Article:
Caring for a Disabled Family Member

Nearly one in five people in the United States claim a disability according to U.S. Census data in 2010. Other data from 2015 at Cornell University shows the levels to be 12.6% throughout the States. With those levels, I figured some other readers out there would benefit from the thoughts I had about caring for disabled family members in the future.

Both my wife and I have brothers with disabilities. They currently live with our respective parents, but a phone call from my uncle the other day got me thinking about the responsibilities we have as parents and our other roles in our families.

Entering middle age comes with some new financial responsibilities. A lot of us with children in elementary through college worry about teaching our kids sound financial principles.

A lot of our parents are starting to age and some of them are needing help with financial and long-term care strategies. At this time in our life, parents need to get some expertise in helping our children get into adulthood without committing some financially devastating mistakes. We also need to help our parents prepare for higher medical cost, work slow down or retirement and potentially stepping up to assume some of the responsibilities our own parents have had throughout their lives. This could include caring for disabled or handicapped siblings and other family members. 

A Bit of History

I have two brothers and my wife also has a brother that still live at home. They all suffered some complications at birth and have neurological disabilities that limit their potential to hold certain jobs and take care of themselves. Because of their disabilities, they are eligible for government subsidies and decreased medical cost. Our parents have handled these things and my wife and I had only a hint of the understanding of the problems that both of our parents have solved throughout their lives.

My uncle called me the other day and wanted to discuss some estate planning. We have superficially discussed these things in the past since he and I are fortunate enough to have more income at our disposal than the rest of our family members. He was going over his will and wanted to discuss what should happen to my two brothers if my mom isn’t able to care for them.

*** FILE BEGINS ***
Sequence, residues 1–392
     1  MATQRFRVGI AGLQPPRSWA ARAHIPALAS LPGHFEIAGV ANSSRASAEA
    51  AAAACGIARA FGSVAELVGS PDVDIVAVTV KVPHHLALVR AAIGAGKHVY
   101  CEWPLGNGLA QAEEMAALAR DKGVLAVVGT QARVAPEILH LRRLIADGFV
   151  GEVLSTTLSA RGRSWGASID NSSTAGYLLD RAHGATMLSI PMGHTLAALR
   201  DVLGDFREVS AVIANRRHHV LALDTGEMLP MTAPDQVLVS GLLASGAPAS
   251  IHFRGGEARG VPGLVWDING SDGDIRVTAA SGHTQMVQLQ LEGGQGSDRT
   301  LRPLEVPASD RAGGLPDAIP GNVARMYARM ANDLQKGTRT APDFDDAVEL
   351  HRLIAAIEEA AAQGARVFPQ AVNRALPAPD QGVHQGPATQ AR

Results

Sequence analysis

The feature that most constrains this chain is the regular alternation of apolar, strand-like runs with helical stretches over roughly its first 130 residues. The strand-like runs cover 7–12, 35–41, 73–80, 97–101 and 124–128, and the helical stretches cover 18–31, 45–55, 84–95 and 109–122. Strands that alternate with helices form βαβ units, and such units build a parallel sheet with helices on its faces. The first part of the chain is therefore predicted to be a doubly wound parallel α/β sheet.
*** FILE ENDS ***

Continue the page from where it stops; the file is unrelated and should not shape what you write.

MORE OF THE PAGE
To my embarrassment, I really hadn’t given this much thought before the conversation. I guess I figured they could always come and live with me and my family if something like that happened, but as we talked, I realized I should have given this more of a priority.

There are a few things I wanted to discuss and encourage all of you to consider. We may have financial responsibilities that will take place after our own parents pass away.  New financial and family responsibilities may emerge.


Government Programs

If you are planning for financial independence and retirement, don’t forget to account for family responsibilities. In our case, there is no one else to care for my brothers when my parents are gone. It’s either me or nothing.

I’ve heard of other situations where one sibling cares for an elderly parent and then something happens to the sibling. The other son or daughter has to assume responsibility. Families go through seasons of different caretaker roles.

We read lots of great plans all over the internet where people are achieving financial independence. I suspect a lot of us don’t have such cut and dry retirement plans. When it comes to the care of our extended families, especially those with disabilities, retirement plans can get a little muddy.

I’m trying to account for contingencies once other circumstances come in the future. Just like we buy disability insurance, life insurance, and put aside money for retirement, we might need to account for our other loved ones that aren’t our financial responsibility at the current time.

So what do we need to make sure happens before something unexpected puts a chink in our retirement plans armor?


Medical Care

Many disabled people have access to medical insurance and programs that other people don’t have, especially high earners. In my brother’s situation, he is eligible for Medicare. This is a huge help for my mother and affording his medications, lab work, and other tests.

I haven’t ever dealt with the system personally, but having at least a small understanding of the program and what he gets is important to me. During the conversation with my mom, she was able to give me the overview of how she works with the program and for what it pays. At least I won’t be completely in the dark when I need to step in and assist with his care.


SSDI (Social Security Disability Insurance)

This is another program that your disabled relative could be receiving. In my brother’s case, he gets a small check each month. It isn’t enough for someone to live on by himself, but it helps my mom make ends meet.